Daily Reflection
September 19th, 1999
Larry Gillick, S.J.
Deglman Center for Ignatian Spirituality

The Twenty-fifth Sunday in Ordinary Time
Isaiah 55:6-9
Philippians 1:20-24, 27
Matthew 20:1-16

All three readings of this Sunday's liturgy really should be read while upside-down.  God's ways are so different from our own.

We hear the prophet Isaiah remind us that as high as the sky is above the earth, God's ways are above ours.

Paul, in our second reading, reflects his deep love for Jesus in such a way that he finds himself in an unusual dilemma.  For most of us, we love life and take great care to preserve it.  Paul isn't so sure whether he wants to go on living or die and be with Jesus.  Paul wants to be in Christ and with Christ and also play his part in forming and sustaining the early Church.

The gospel is the famous story where Jesus tells His disciples about the kingdom of heaven being a bit "upside-down".  Those who were hired first and worked the longest, get upset when they get their pay and it is what those who did not work as long, get the same pay.  It is the old story, "the first will be last and the last first."  Not fare!  The ways of God's love is merciful not just.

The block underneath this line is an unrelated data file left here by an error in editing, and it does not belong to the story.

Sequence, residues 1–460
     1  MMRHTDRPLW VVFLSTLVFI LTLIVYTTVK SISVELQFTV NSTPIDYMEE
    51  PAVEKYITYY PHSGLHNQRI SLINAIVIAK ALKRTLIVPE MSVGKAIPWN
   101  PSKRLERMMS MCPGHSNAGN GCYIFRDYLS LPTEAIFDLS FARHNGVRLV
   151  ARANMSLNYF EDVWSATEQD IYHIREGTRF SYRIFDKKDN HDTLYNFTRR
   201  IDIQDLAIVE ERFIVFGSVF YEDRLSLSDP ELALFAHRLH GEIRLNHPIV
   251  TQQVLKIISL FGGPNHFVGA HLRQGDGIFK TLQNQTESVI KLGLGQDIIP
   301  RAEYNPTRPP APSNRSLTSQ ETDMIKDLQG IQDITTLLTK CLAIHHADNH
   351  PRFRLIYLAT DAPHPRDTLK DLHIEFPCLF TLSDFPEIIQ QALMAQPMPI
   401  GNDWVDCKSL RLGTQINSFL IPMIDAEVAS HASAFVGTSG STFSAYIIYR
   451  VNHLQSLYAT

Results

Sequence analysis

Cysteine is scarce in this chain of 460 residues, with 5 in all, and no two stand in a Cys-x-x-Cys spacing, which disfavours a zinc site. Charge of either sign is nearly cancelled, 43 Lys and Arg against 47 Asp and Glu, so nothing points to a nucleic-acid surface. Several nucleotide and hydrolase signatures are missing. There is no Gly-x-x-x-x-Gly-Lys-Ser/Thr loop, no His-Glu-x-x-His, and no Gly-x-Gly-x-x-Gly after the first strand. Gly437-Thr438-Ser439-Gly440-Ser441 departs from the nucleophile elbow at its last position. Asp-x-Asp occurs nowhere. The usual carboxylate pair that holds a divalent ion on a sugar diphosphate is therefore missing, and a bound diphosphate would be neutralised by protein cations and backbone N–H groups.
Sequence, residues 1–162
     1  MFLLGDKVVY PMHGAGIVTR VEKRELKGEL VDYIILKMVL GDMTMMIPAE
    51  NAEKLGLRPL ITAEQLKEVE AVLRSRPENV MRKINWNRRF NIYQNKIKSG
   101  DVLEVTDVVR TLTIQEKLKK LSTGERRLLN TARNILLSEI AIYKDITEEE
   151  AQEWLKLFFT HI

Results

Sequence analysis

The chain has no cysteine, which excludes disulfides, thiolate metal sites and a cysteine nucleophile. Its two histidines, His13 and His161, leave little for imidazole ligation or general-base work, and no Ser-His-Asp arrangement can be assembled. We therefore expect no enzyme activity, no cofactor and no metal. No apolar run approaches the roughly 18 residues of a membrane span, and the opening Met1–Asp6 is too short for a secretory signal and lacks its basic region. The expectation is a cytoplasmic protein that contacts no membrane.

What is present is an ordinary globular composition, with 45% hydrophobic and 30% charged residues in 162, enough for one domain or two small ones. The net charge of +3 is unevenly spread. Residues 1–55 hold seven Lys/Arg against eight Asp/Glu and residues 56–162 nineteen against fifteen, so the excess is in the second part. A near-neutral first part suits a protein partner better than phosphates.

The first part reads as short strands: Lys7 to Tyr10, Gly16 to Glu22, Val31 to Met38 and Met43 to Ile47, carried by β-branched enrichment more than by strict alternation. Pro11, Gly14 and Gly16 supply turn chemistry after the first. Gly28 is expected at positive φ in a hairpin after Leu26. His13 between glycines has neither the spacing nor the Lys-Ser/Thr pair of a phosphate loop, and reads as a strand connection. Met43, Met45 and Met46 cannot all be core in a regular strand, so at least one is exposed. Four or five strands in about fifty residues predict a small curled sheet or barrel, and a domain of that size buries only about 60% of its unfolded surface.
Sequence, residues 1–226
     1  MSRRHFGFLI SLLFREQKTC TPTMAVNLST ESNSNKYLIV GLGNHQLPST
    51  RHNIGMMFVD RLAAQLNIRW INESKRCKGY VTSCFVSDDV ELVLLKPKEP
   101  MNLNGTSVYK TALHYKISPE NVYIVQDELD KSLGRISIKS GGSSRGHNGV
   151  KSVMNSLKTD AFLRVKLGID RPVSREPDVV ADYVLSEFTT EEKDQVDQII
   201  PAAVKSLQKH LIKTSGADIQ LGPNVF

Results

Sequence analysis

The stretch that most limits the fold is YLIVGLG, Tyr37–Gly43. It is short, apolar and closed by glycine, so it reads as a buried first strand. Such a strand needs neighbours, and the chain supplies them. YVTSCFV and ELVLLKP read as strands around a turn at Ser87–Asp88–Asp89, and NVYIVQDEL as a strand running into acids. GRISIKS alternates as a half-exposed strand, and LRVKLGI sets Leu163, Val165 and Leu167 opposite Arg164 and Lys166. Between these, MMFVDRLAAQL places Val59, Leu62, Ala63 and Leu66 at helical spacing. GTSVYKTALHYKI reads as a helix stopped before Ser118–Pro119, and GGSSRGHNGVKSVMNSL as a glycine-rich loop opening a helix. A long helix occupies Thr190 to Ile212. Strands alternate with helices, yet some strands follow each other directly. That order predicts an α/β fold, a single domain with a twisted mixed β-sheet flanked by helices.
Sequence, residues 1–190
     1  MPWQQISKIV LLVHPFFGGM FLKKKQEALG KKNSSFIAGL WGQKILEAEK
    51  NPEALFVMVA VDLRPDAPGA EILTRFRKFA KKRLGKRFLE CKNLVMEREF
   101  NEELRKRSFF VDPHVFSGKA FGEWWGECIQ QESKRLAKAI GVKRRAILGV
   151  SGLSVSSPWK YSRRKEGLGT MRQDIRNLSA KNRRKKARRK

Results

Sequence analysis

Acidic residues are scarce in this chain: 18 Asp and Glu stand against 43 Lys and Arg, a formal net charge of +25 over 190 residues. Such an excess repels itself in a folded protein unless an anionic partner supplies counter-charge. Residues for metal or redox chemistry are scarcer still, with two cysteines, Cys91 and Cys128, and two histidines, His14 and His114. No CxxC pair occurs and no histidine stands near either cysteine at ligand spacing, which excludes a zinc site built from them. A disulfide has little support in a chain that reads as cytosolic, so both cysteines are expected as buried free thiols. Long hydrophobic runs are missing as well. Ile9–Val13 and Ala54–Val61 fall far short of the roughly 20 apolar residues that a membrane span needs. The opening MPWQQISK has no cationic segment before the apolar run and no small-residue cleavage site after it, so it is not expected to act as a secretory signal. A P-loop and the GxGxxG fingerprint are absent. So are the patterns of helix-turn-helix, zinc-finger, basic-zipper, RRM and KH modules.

There is an embarrassing difference between love and approval.  We, from our earliest years, were taught that if we be good, or refrain from being bad, we would be rewarded with love.  Sorry, that is not love; it is being rewarded or approved.  God's ways are so different from our ways.  Jesus was telling his disciples that God loves those who had been faithfully living towards the kingdom from the early-covenant days and God loves those who have come to believe in Him as the new covenant.

Christianity is such an insult to our pragmatic, approval-based way of wanting to know who  we are and how we are doing.  The basic reflection for us has to do with this question; do we do good things to earn, win or manipulate God to love us, or do we accept God's love for us and do good things to reveal that love?  We are asked often by Jesus to reverse our ways of looking at ourselves.  We are upside-down righteous and the call is to love Christ and His ways so much that being upside-down seems downside-up and holy.  God is the giver and we are those who receive not what we deserve or earn, but what God chooses to give us, whether we are first or last, long-time or short-time faithful.  His ways are slowly to become our own.

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